No Pass No Play

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No Pass No Play is a Texas public education policy that came about as a result of the passage of House Bill 72 by the Texas Legislature in 1984, and became effective in 1985.[1] Under No Pass No Play students must pass all their school courses to be allowed to participate in extracurricular activities such as athletics or music.

History[edit]

An account cited that the root of No Pass No Play policy can be traced back to the beginning of the 20th century when athletics started to become more popular than academics.[2] For decades, the divergence of curricula became controversial and the adverse impact of extracurricular activities to core subjects such as mathematics, history, and reading, among others, became the subject of debate.[2]

In 1984, then-Governor Mark White appointed Dallas businessman Ross Perot to lead a commission to study public education reform in Texas.[3]

As a result of the study, a sweeping package of educational reforms were proposed to the Texas Legislature, including No Pass No Play. The reforms were ultimately enacted as part of a series of reforms included in House Bill 72, which was passed in 1984 under White's direction, and became effective the following year.[1] The law was finally passed by the second called session of the 68th Texas legislature, and signed by White on July 13, 1984.

The rule stipulates that Texas public school students who participate in extracurricular activities must achieve a passing grade (70% or higher, 60% or higher for Advanced Placement (AP), Pre-AP or GT) in order to qualify to continue participating in extracurricular activities such as athletics, band, and orchestra. Progress is assessed following each six-week grading period. If students receive at least one failing grade on their report card, they are ineligible to participate in extracurricular activities until the failing grade(s) reach acceptable levels. No Pass No Play affects all students involved in extracurricular activities in all school districts.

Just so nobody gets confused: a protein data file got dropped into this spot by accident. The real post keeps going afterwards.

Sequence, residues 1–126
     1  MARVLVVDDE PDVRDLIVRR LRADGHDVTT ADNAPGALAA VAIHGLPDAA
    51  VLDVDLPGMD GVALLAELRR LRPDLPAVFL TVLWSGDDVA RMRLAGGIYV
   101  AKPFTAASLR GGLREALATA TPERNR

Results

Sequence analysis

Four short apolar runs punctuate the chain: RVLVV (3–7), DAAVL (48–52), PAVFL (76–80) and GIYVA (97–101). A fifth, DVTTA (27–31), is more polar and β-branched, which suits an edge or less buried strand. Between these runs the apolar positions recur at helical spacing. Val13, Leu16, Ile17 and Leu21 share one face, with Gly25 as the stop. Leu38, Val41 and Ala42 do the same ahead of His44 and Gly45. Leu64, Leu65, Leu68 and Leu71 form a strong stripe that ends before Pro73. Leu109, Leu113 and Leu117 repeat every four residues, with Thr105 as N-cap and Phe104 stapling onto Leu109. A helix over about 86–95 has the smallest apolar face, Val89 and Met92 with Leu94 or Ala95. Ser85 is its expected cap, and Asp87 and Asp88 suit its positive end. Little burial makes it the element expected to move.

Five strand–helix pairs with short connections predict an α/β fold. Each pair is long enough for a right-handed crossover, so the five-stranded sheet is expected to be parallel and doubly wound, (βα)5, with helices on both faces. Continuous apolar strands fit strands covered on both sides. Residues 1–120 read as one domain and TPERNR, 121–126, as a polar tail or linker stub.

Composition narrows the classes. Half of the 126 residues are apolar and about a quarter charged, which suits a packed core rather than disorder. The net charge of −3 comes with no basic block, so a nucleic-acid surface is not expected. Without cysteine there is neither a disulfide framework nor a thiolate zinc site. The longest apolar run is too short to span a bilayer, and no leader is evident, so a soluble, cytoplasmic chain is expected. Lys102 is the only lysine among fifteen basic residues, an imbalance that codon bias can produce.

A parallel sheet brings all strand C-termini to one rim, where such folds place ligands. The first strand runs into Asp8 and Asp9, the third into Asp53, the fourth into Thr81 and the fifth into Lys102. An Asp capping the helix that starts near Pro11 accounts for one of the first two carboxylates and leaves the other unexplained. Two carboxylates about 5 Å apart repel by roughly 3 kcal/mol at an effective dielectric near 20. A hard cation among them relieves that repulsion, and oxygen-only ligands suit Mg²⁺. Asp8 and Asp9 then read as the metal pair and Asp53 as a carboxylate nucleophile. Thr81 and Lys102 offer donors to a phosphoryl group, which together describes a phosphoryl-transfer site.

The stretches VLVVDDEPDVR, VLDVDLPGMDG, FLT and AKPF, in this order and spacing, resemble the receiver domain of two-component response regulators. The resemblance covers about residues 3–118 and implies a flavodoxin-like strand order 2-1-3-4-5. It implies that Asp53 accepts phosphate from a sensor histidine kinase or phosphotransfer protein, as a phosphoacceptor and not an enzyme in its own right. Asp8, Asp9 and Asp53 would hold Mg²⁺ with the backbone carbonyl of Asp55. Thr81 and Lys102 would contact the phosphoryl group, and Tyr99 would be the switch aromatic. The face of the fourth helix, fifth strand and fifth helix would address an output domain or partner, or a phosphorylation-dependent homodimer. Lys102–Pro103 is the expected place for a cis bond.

Effect[edit]

The rule went into effect between semesters of the 1984–1985 school year. At the Houston Independent School District, the percentages of failing report card grades for all high school campuses decreased from 16 percent to 13 percent. 23 of the district's 26 high schools had decreases in "F" grades.[4] Later studies also revealed that students reported favorable attitudes towards the policy.[5] However, it was found that extracurricular participation of at-risk students have decreased.[5]

Versions of No Pass No Play were also enacted in other states. For instance, Arizona imposed a policy that required a passing grade in every class while California adopted a 2.0 or C average requirement while allowing local districts to impose higher restrictions.[6]

See also[edit]

References[edit]

  1. ^ a b "No Pass, No Play heads into fourth decade". Midland Reporter-Telegram. 2014-12-24. Retrieved 2019-07-02.
  2. ^ a b Orange, Carolyn (2002). The Quick Reference Guide to Educational Innovations: Practices, Programs, Policies, and Philosophies. Thousand Oaks, CA: Corwin Press, Inc. p. 86. ISBN 0761978151.
  3. ^ Warren, Kenneth F. (2008). Encyclopedia of U.S. Campaigns, Elections, and Electoral Behavior. Thousand Oaks, CA: SAGE Publications. p. 497. ISBN 9781412954891.
  4. ^ Hunt, Dianna. "Fewer failing grades since start of no-pass rule." Houston Chronicle. Saturday June 29, 1985. Section 1, Page 22. Retrieved on December 8, 2011.
  5. ^ a b Carter, David S. G. (2006). Case Studies In Educational Change: An International Perspective. Oxon: Routledge. p. 59. ISBN 075070408X.
  6. ^ Klesse, Edward J. (2004). Student Activities in Today's Schools: Essential Learning for All Youth. Lanham, MD: Scarecrow Education. p. 104. ISBN 1578860873.

External links[edit]